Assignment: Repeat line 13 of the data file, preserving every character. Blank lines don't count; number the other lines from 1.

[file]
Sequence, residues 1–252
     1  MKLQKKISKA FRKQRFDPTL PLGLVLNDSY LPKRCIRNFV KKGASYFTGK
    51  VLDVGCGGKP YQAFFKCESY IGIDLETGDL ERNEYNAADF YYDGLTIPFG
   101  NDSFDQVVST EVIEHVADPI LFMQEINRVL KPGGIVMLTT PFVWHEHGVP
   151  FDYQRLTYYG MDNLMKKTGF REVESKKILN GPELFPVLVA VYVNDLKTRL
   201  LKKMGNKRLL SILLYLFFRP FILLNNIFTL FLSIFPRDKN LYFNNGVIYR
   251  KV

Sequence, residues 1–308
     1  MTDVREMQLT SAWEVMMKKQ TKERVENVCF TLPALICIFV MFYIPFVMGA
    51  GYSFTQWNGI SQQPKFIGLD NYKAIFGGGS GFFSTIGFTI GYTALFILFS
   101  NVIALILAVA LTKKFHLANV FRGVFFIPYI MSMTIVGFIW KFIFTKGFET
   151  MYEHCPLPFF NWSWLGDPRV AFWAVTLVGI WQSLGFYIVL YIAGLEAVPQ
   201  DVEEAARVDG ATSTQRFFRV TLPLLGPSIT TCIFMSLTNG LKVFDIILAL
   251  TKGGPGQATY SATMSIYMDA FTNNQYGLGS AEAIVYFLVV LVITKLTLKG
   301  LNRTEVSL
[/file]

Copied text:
   201  DVEEAARVDG ATSTQRFFRV TLPLLGPSIT TCIFMSLTNG LKVFDIILAL